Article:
Sen. Kelly’s Proposals to Protect Vulnerable Populations Advance in the State Senate

April 27, 2022

Proposals to protect elderly from crime, support spouses of nursing home residents, and connect vulnerable individuals to social services in hospitals advance in Senate.


HARTFORD – Senate Republican Leader Kevin Kelly (R-Stratford) applauded the State Senate’s recent passage of three bills he proposed to help seniors and vulnerable populations.


The bills will protect elderly residents from crime by holding offenders accountable, connect vulnerable individuals to social services in hospitals, and support spouses of nursing home residents.



Protecting Seniors from Crime


Senate Bill 461 An Act Concerning the Statute of Limitations for Crimes Committed Against the Elderly will ensure that that statute of limitations for crimes against the elderly begin five years from the discovery of the offense, rather than when the offense was committed.


“Sadly, many crimes committed against the elderly involve financial exploitation and abuse, which can be committed by a trusted individual. Such crimes may not be discovered for months or years. This bill helps ensure that those who commit crimes against seniors are held accountable and cannot escape investigation and justice based on when their crime was discovered,” said Sen. Kelly.



Connecting Vulnerable Individuals to Social Services in Hospitals


Senate Bill 331 An Act Concerning the Provision of Developmental Services and Mental and Behavioral Health Services permits the Department of Social Services commissioner to contract with a hospital or nonprofit organization to provide social services and referrals to frequent users of hospitals services.


“This proposal aims to better connect vulnerable individuals with important wrap around services,” said Sen. Kelly. “This enables hospitals to connect patients with social workers to access needed social services to improve health outcomes. For example, when an individual frequents an emergency room for medical care, because they could not afford insulin, a social worker could work with that individual to find financial resources such as SNAP (Supplemental Nutrition Assistance Program), energy assistance, or TANF (Temporary Assistance for Needy Families) to help them afford the medicine they need to stay healthy.”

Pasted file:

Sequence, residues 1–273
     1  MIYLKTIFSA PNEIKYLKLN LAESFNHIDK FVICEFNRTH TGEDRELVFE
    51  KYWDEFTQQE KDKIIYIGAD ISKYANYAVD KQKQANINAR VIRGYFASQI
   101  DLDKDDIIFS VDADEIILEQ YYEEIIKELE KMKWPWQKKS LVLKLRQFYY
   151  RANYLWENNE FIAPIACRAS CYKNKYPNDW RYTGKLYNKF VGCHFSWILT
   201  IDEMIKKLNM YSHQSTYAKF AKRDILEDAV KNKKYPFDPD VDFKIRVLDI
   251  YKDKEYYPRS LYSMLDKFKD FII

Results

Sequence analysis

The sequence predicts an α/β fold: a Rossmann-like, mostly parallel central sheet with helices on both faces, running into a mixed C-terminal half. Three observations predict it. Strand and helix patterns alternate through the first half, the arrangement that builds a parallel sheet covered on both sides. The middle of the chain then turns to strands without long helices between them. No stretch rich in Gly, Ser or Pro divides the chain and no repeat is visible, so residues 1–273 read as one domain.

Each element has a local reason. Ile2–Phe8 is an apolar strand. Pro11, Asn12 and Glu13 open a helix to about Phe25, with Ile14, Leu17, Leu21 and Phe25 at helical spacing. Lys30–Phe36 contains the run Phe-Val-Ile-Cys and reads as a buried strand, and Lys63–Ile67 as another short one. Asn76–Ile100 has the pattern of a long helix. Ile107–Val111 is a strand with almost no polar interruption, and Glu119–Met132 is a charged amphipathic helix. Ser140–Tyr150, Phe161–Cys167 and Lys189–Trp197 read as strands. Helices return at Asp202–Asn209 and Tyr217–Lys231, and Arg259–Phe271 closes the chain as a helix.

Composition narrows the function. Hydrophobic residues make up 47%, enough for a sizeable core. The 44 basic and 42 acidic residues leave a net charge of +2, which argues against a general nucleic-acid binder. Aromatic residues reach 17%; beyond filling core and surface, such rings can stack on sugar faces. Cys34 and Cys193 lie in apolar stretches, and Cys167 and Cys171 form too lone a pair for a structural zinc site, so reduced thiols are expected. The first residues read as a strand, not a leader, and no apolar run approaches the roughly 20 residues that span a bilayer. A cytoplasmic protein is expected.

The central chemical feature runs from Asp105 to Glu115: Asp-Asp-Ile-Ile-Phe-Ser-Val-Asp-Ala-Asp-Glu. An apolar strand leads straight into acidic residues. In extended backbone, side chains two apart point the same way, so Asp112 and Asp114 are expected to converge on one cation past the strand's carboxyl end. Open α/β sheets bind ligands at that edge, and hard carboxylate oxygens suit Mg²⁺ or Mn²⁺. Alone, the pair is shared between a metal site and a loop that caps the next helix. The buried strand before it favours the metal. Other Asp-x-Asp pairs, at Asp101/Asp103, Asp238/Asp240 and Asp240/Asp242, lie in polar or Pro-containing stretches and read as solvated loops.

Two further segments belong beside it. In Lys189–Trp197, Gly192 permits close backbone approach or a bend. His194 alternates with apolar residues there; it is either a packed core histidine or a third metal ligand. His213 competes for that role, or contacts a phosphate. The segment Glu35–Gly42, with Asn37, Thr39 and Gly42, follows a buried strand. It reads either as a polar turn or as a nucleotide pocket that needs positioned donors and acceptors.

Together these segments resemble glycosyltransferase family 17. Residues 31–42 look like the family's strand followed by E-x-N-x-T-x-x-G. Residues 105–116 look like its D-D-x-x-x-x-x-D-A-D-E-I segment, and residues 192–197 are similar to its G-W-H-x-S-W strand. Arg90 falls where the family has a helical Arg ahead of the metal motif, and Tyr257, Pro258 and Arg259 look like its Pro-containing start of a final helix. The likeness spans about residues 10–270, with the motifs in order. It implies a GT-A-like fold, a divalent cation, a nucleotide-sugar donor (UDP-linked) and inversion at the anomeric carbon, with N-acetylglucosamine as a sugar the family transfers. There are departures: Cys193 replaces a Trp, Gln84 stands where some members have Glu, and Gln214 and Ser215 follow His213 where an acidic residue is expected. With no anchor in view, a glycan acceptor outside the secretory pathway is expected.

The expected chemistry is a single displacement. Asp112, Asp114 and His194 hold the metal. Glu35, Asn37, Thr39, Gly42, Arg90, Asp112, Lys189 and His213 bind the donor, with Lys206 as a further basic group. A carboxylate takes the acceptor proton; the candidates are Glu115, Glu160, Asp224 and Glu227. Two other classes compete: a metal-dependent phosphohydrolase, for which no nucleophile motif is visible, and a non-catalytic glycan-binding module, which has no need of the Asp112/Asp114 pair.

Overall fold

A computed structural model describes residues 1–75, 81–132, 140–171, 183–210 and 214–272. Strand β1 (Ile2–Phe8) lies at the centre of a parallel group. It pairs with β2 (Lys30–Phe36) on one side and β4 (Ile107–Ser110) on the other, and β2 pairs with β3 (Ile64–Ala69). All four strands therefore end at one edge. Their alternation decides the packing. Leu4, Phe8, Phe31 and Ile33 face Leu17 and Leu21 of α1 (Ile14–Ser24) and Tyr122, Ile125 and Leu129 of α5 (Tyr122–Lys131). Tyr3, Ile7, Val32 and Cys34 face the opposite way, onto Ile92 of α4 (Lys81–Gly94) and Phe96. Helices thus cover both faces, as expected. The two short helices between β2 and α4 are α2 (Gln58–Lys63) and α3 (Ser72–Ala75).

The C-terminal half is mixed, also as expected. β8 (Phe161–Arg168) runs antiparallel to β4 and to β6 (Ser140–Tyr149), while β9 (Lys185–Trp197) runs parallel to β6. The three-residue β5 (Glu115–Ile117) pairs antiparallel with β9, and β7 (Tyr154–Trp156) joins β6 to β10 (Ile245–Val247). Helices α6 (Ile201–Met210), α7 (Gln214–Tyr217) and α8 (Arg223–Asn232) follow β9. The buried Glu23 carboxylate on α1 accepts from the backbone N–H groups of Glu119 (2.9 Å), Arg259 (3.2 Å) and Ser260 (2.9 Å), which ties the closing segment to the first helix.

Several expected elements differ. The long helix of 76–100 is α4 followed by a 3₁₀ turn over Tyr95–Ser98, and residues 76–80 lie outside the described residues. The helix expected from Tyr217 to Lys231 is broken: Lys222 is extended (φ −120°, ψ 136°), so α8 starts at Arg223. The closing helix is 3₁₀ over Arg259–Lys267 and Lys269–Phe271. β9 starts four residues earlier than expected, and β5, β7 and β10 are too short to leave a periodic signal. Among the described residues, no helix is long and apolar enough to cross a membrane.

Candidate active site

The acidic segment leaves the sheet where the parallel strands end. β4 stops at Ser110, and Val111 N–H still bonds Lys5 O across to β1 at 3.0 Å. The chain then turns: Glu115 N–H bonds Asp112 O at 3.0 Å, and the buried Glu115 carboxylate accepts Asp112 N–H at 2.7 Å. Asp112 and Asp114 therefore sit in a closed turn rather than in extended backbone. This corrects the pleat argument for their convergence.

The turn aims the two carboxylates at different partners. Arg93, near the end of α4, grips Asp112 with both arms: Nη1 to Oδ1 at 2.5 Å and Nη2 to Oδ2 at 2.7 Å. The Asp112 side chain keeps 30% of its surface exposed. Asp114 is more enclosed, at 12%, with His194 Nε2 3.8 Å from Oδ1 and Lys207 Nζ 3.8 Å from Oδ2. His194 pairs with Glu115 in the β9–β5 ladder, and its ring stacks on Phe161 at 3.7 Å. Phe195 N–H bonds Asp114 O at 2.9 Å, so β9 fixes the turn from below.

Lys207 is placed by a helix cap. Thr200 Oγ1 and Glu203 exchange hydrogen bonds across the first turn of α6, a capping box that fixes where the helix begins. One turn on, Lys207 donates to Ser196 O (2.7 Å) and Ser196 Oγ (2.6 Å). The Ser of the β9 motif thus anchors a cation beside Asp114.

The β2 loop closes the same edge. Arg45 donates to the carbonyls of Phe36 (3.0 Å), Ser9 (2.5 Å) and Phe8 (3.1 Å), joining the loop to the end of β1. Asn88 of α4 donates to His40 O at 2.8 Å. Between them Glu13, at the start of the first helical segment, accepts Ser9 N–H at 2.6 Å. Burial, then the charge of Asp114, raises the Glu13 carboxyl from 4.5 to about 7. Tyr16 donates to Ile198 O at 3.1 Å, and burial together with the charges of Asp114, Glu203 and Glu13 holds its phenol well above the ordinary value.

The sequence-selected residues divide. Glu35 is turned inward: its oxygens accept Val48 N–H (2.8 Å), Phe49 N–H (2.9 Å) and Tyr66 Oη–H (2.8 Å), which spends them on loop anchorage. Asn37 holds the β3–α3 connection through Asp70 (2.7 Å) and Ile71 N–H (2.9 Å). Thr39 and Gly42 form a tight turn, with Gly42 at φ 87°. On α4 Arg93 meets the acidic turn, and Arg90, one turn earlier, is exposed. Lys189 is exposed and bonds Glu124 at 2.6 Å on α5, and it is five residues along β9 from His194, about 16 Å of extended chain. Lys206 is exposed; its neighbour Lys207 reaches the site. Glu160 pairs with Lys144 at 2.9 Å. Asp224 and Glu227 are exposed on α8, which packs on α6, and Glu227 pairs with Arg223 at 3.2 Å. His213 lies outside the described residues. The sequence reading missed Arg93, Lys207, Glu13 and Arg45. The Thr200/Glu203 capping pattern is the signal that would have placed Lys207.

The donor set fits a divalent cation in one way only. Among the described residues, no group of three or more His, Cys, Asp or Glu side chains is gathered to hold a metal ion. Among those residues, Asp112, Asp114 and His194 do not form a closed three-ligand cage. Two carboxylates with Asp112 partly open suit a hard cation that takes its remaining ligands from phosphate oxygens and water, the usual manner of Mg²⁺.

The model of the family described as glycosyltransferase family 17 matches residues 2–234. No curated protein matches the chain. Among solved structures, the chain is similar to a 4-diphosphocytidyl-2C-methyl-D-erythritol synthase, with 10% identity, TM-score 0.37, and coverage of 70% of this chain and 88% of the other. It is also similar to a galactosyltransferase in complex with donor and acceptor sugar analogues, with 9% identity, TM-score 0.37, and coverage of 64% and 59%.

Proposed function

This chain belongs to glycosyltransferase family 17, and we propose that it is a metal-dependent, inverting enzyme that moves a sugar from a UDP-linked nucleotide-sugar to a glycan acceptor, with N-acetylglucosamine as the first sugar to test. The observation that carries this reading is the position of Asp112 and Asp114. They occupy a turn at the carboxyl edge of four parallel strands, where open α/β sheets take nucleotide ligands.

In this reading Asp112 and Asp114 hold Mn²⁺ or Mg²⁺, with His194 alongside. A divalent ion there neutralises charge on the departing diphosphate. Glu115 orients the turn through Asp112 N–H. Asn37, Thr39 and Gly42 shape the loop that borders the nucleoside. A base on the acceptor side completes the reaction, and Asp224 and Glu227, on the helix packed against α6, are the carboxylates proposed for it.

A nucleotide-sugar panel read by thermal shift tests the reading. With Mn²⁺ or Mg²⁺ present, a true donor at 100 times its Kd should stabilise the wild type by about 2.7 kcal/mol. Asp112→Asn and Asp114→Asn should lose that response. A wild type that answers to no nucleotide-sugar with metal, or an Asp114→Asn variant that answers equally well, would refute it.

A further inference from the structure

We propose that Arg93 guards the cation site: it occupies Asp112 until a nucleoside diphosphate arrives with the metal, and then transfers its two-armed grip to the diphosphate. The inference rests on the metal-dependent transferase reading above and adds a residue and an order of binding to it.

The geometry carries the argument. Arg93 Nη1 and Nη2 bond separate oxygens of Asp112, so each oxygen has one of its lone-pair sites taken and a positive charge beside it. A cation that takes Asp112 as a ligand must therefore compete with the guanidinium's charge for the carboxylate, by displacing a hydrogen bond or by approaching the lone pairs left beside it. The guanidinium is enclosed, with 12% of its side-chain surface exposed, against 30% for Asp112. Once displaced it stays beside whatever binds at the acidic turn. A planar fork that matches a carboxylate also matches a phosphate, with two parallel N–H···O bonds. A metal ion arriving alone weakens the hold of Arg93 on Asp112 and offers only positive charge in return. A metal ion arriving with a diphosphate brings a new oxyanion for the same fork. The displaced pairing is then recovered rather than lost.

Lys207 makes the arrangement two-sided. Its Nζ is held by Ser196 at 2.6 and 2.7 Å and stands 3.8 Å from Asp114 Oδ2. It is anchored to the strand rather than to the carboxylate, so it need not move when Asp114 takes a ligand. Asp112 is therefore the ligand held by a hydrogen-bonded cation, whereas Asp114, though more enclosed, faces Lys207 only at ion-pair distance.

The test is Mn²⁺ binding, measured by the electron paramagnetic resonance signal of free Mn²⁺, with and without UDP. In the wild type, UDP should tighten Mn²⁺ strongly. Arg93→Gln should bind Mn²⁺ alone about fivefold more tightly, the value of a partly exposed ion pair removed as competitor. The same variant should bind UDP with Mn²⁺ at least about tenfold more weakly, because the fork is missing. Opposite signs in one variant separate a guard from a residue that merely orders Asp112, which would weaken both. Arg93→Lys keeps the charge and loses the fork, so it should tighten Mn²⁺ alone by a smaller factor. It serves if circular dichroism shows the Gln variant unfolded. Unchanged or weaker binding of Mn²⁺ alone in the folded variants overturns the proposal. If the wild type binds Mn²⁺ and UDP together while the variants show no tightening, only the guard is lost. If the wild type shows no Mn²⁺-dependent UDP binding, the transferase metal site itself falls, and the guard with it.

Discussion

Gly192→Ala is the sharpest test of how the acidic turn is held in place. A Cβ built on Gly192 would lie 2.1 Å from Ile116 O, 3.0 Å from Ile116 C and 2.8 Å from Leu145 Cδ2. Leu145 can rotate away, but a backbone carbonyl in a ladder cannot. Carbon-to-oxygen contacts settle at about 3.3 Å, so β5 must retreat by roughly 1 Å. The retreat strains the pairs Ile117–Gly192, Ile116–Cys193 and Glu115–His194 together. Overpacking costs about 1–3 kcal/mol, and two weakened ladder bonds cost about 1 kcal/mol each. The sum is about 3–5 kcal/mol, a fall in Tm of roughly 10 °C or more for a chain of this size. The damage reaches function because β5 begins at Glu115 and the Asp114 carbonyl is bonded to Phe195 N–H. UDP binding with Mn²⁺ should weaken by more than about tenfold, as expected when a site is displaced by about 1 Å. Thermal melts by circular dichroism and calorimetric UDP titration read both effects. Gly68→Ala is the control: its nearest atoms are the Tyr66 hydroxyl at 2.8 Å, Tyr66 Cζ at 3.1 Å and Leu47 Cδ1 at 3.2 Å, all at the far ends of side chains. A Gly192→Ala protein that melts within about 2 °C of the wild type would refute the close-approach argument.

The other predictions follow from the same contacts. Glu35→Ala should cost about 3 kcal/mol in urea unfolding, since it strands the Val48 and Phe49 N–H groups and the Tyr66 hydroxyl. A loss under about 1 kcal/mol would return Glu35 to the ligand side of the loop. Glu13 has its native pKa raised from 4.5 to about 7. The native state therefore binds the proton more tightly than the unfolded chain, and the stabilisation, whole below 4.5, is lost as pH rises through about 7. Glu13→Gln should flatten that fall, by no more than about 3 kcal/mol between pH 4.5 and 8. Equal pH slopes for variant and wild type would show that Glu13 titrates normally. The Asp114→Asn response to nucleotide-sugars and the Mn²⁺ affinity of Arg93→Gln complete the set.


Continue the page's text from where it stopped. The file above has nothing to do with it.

Supporting Spouses of Nursing Home Residents


Senate Bill 173 An Act Concerning a Study of the Cost and Feasibility of Permitting the Community Spouse of an Institutionalized Medicaid Recipient to Retain the Maximum Amount of Allowable Assets is the first step in reversing years of harmful policy that hampered community spouses’ ability to age in place while their partner is in a nursing home facility. The bill initiates a study of permitting the “community spouse” of an institutionalized Medicaid recipient to maintain the maximum amount of allowable assets. This bolsters an important safeguard that promotes independent living and aging in place.


When a married individual moves into a nursing home, their spouse who remains at home (the “community spouse”) must “spend down” their assets to a set amount before the institutionalized spouse can become eligible for Medicaid. When this “spend down” happens, the community spouse loses their personal savings, leaving them ill equipped to address future needs and issues. Allowing community spouses to keep more of these assets would provide them with a needed financial cushion to help them care for themselves in the community and plan for their own future care and well-being.


“Allowing community spouses to maintain the maximum amount of allowable assets is common sense policy. Connecticut is a high-cost state. Community spouses, most of which are elderly women, must be allowed to maintain the maximum amount of their own assets allowed under federal law to enable them to continue to care for themselves and plan for their futures as they age. In addition to helping seniors age in place, it also will result in long term savings to the state by helping seniors avoid expensive institutionalized care for as long as possible. I hope this study considers these benefits very closely and recognizes the importance of supporting policies that help people age in their communities with dignity, comfort, and care,” said Kelly.


Under Republican Governor Jodi Rell community spouses were allowed to keep the maximum amount, which currently is $137,400. Governor Dannel Malloy cut that amount in half, only allowing a community spouse in CT to retain half of the couple’s countable assets up to the federal maximum.  This reduction made it more difficult for community spouses, cut the savings accounts of thousands of elderly couples, and made it more likely that community spouses will end up in nursing homes.


Fourteen other states, including Maine and Vermont, already allow community spouses to retain 100% of their assets up to the federal maximum.



All three bills now move to the House of Representatives.